August 6th, 2020

Students move bodies to a new beat


By Kalinowski, Tim on October 12, 2019.

Toronto dance company brings innovation to city

Tim Kalinowski

Lethbridge Herald

tkalinowski@lethbridgeherald.com

Lethbridge Collegiate Institute and G.S. Lakie students were learning about the power of their bodies and moving to a new beat while working with Toronto-based Alias Contemporary Dance Company through much of the past week.

“They are an incredibly innovative, energetic and well-known company from Toronto,” said Geordan Olson, director of the LCI Arts Academy dance program. “It’s extremely important to have somebody of this calibre come to work with students in Lethbridge. They are from one of Canada’s biggest dance meccas. They are on the tip of what’s hot in dance right now.”

Olson was able to convince the Alias Dance Project to come to Lethbridge because she is a co-founder and former dancer with the company.

“I’ve known these guys for years, and I have always wanted to bring them down to work with my students because I know how incredible they are,” she says.

“I can tell by watching my students dance, that this is something completely different than they have ever done. They are moving their bodies completely differently than they have ever moved their bodies. I can see the passion and fire they have when Alias is working with them.”

Alias fuses traditional and contemporary dance forms with martial arts and street dance styles. What brings all the styles together, and connects it all back to the students, is pure athleticism, says Alias artistic director Lauren Cook.

“The rooting element is athleticism,” Cook confirms. “That’s why football players can connect to it. The ballerinas can connect.

“We are all grounded around our centre, and from there we find movement that can bring us together. We came with the intention of opening the students’ minds, and getting them to move and try different things in different ways.”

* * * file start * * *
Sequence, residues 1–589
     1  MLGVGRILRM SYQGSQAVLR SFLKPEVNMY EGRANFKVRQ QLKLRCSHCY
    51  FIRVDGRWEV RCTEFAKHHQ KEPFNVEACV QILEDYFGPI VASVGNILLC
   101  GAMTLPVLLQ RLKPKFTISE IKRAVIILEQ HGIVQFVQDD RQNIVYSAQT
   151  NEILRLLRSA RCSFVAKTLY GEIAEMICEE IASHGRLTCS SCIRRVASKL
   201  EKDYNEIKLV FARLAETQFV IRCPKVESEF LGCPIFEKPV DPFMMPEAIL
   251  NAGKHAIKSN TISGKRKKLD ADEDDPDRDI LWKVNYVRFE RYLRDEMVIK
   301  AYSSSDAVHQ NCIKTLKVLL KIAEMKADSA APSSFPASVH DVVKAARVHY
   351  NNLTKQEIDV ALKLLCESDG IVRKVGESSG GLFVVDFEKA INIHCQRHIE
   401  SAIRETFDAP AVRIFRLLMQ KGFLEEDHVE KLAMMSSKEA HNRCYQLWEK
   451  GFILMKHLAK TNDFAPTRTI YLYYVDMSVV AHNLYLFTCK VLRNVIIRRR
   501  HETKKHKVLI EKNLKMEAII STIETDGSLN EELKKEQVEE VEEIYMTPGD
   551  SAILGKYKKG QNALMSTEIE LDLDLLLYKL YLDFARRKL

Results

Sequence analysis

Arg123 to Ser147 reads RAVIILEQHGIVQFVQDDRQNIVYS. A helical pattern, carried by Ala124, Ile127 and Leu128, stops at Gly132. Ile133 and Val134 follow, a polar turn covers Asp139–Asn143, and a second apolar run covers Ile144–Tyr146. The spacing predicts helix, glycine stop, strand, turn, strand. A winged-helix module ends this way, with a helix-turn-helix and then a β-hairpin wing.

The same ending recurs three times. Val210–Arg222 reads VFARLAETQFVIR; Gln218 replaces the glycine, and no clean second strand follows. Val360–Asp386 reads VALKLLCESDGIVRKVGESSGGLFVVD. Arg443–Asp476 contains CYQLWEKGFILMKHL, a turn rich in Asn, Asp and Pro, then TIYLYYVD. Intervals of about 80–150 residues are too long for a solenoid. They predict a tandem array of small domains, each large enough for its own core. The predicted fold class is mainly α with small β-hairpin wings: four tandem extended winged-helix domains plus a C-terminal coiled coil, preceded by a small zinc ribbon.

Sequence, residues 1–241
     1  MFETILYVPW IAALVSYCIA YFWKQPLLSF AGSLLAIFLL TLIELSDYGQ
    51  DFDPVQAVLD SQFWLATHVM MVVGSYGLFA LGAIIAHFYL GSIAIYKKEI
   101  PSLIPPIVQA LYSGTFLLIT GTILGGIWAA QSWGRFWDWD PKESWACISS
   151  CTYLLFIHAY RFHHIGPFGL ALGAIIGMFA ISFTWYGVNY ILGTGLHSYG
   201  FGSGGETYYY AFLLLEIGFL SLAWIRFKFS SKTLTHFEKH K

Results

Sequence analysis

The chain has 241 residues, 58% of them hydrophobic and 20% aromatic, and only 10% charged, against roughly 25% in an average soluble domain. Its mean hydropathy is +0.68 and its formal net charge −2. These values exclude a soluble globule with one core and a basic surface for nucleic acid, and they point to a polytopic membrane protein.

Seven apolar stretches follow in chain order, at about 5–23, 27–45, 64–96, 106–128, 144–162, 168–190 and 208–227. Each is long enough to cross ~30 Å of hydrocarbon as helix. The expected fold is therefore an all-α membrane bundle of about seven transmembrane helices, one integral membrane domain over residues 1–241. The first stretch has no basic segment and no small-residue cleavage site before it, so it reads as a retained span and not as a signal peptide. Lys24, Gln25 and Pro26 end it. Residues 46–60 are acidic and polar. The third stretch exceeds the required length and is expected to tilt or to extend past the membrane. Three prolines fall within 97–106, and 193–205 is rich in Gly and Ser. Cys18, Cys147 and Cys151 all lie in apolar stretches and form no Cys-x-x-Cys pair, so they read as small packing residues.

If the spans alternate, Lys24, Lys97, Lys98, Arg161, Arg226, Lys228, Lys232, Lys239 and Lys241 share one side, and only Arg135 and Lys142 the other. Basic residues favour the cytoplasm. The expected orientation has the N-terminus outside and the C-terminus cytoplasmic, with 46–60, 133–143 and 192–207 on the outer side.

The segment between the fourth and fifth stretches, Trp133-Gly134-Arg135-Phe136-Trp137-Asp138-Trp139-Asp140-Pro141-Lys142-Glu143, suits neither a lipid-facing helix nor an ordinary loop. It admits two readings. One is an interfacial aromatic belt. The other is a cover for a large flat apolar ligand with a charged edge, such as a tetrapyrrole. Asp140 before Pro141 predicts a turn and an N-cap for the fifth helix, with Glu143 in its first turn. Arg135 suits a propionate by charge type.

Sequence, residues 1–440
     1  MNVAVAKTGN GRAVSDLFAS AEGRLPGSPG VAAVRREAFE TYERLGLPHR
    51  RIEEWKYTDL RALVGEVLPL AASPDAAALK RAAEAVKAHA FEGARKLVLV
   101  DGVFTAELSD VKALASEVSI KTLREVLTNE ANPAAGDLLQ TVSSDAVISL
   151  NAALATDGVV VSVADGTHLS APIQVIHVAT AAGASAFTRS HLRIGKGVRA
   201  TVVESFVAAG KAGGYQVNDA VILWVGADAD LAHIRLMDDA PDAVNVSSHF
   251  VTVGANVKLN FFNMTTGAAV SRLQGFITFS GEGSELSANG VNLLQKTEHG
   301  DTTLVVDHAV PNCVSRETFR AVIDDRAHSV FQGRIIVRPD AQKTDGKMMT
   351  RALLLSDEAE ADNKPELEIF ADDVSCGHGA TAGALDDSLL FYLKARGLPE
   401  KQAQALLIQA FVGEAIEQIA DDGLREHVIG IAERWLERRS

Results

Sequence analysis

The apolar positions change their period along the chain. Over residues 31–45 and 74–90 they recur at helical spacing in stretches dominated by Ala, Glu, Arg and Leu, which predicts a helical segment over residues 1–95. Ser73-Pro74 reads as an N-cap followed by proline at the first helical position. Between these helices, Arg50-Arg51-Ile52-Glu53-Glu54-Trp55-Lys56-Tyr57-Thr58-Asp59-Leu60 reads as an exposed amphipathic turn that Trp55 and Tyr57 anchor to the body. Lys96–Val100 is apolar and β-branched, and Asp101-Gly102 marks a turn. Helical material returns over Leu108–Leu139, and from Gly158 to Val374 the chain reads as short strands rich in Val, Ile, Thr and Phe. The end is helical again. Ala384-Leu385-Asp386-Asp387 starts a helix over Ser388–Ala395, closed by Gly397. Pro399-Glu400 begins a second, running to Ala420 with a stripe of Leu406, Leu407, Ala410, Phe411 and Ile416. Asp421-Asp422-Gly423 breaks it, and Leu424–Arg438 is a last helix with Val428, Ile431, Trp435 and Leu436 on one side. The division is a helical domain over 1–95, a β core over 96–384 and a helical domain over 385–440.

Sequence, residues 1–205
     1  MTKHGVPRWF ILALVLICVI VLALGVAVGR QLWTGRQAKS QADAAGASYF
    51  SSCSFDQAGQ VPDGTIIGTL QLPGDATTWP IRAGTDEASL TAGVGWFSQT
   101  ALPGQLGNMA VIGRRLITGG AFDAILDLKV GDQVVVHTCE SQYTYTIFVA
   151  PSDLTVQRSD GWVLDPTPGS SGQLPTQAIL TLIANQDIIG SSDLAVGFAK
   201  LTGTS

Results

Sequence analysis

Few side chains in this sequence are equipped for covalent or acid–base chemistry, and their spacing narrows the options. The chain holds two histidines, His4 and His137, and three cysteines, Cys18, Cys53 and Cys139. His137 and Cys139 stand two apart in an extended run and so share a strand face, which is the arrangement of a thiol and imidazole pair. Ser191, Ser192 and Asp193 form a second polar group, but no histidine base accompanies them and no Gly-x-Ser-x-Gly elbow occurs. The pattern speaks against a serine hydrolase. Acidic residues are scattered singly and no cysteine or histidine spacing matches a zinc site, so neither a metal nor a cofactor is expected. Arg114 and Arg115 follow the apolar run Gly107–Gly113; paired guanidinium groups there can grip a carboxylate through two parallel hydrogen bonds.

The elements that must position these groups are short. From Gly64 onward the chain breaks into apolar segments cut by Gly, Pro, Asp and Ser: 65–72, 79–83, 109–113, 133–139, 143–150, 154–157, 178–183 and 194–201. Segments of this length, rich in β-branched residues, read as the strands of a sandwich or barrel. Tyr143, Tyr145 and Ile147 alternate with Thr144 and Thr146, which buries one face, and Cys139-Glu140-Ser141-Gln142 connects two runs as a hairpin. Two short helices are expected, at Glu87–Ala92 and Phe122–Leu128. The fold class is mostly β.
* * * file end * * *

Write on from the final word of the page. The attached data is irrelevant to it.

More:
Cook also choreographed two separate pieces for LCI and G.S. Lakie in her time in Lethbridge, the results of which will be featured during the schools’ public dance performances in February.

“The way we put material together is probably very different than what they have experienced before,” says Cook.

Grade 11 LCI dance program student India Arden appreciated what she learned from Alias over the course of the week.

“They aren’t just one specific style,” she says.

“They combine everything, and really teach us that dance is movement. You don’t have to be doing just ballet or jazz. You can combine all this stuff to create movement.”

Grade 9 LCI student Nate Bruce says the high energy intensity of the dance choreography they learned from Alias have him and his classmates stoked.

“It’s quite fun, and they pipe it up a lot and make us energetic,” he says. “When we are tired, they just pump us up again, and we have a lot more fun.”

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